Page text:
In a study by Wang et al. (2020) they assessed the activity of MMP-28 in biopsy samples from bladder cancer patients and compared it to normal bladder mucosa. MMP activity was assessed in tumour tissue by immunohistochemical methods. Significantly increased expression of MMP-28 was found in patients with multiple tumors, deep infiltration (pT2-pT4), large tumour diameter, lymph node metastases and distant metastases. Moreover, patients with elevated MMP-28 expression had a significantly shorter (35.65±1.47 months) survival time than patients with low MMP-28 expression (5636±125 months). MMP-28, called epilysin, belongs to the subfamily MMP-19. MMP-28 plays an important role in the development of some neoplasms, and its expression has been confirmed in colon, pancreatic, ovarian, prostate and lung cancer cells (Marchenko & Strongin, 2001).

In addition to examining the expression of MMPs directly in the tumour tissue, the activity of MMPs in urine and serum was assessed in patients with bladder cancer. In a study by Ricci and others (Ricci et al., 2015), MMP-2, MMP-9, TIMP-1, TIMP-2 in urine and blood serum were determined. The study used a morning urine sample and blood serum from patients before treatment. Commercial ELISA tests were used to measure MMPs and TIMPs. There was no presence of MMP-2, MMP-9, TIMP -1, TIMP-2 in urine and blood samples in patients from the control group. In the group of bladder cancer patients, increased MMP-2 activity was observed in 63% (26 out of 41 patients) and MMP-9 in 61% (25 out of 41 patients). The mean concentration in urine was 1.27 ng/ml and 1.30 ng/ml for MMP-2 and MMP-9, respectively. Compared to MMPs, the presence of TIMP-1 and TIMP-2 was found in a higher percentage of patients (95% and 83%, respectively). The concentration of TIMP-1 in urine was significantly higher in the group of G3 tumors than in G1 tumors. Moreover, a higher concentration of TIMP-1 was observed in the group of T1 tumors than in Ta tumors. In contrast to TIMP-1, the concentration of TIMP-2 in urine did not show a significant difference between low- and well-differentiated tumors and did not depend on the clinical stage.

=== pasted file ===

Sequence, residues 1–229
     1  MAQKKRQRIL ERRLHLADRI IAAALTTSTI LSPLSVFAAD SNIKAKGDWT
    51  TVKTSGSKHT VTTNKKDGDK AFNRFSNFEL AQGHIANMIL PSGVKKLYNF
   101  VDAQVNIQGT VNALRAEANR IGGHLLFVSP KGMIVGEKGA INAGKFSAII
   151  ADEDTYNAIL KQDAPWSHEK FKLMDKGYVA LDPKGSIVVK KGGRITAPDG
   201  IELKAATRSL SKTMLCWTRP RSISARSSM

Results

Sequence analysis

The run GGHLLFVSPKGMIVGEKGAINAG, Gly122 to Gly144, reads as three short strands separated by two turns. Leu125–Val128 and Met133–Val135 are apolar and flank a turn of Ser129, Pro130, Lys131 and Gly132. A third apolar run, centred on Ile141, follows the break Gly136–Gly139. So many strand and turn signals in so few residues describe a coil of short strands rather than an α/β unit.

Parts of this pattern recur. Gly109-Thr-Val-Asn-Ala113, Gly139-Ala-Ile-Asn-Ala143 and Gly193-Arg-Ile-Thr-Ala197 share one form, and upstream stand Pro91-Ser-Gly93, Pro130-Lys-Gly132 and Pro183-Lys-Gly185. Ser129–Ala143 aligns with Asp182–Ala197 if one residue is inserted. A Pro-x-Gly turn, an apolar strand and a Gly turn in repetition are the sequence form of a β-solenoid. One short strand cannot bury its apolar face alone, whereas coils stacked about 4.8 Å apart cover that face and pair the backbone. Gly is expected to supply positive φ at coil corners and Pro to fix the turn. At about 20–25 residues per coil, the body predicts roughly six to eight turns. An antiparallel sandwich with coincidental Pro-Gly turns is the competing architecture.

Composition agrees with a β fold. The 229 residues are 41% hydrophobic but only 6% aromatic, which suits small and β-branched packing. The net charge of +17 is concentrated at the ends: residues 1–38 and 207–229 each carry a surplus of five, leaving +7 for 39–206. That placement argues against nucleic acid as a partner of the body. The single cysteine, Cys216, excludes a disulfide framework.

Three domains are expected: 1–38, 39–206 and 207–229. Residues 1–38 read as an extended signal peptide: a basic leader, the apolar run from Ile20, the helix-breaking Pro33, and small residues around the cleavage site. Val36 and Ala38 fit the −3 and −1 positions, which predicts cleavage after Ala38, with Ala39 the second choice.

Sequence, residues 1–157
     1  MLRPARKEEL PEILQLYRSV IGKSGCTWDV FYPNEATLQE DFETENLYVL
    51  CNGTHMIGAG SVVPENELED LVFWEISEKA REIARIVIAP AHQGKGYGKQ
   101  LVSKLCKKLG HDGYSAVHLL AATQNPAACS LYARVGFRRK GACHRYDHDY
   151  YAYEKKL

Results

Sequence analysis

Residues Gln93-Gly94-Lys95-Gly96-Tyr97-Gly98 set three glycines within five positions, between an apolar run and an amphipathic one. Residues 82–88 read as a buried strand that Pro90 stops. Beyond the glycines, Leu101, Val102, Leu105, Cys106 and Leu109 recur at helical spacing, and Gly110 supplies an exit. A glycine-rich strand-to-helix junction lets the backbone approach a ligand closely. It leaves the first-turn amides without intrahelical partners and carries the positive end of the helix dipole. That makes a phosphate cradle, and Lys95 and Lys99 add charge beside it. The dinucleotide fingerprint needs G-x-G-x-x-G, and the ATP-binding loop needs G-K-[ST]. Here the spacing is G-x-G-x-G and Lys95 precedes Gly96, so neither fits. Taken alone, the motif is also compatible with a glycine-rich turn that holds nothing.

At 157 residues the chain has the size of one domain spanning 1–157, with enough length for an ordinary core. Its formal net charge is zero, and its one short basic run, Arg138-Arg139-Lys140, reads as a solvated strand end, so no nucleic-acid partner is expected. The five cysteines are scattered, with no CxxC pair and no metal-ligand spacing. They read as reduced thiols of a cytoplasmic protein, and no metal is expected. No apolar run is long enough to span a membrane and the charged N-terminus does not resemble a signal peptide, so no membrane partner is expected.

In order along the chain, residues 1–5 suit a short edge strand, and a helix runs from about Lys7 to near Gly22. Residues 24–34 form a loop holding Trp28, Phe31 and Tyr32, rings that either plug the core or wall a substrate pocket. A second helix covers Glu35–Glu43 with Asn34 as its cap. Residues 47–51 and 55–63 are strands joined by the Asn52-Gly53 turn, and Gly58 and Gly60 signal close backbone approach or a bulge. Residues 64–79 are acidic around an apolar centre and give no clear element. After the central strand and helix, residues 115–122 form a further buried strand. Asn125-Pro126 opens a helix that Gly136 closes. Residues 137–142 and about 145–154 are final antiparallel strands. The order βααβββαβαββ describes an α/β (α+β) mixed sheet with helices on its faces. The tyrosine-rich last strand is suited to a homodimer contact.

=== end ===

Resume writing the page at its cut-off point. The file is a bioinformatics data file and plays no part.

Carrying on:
Durkan and others (Durkan et al., 2001) found higher TIMPs expression in urine in the group of bladder cancer patients than in the control group, with higher concentrations in the group of patients with infiltrating bladder cancer than in the group of non-invasive tumors (Ta, T1, CIS). There were no differences depending on the degree of histological differentiation of the tumour. Monier et al. (2002) came to different conclusions, finding lower concentrations of TIMP-1 in the group of patients with T1-T4 bladder cancer than in patients with Ta grade bladder cancer.

In the analysis of MMP-3 and MMP-9 concentrations in urine by El-Sharkawi and others (El-Sharkawi et al., 2014) found significantly higher concentrations of MMPs in the group of bladder cancer patients compared to the control group of healthy patients. However, MMP-3 showed high concentrations in the earlier stages of tumour development (T1 and T2), which remained high in the more advanced forms (T3 and T4), while MMP-9 was highly expressed in advanced bladder tumors (T3 and T4). It was emphasized that MMP-3 may be used in the future as a marker of early forms of bladder cancer.

In the analysis of MMP-7 concentration in urine in patients with bladder cancer by Szarvas and others (Szarvas et al., 2011), no difference in the concentrations of the tested MMP was found between the group of patients with cancer confined to the bladder and the control group of healthy patients, while in the group of patients with distant metastases, the concentration of MMP-7 was 4 times higher than in the control group.